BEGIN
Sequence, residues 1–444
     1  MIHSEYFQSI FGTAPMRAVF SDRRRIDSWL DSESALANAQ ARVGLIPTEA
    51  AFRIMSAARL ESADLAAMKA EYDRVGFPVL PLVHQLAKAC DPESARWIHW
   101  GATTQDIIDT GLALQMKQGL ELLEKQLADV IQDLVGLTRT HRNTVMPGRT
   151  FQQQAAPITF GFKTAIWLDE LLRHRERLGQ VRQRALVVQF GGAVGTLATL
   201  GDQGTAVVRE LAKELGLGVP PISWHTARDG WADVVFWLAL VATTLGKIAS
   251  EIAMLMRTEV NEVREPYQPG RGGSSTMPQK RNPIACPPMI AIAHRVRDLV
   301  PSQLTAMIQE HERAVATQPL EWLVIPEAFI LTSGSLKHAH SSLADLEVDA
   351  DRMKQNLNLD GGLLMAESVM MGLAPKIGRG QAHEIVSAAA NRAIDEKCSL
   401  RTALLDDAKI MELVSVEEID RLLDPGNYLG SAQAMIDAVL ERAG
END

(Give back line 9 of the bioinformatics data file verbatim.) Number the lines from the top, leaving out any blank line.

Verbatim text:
   351  DRMKQNLNLD GGLLMAESVM MGLAPKIGRG QAHEIVSAAA NRAIDEKCSL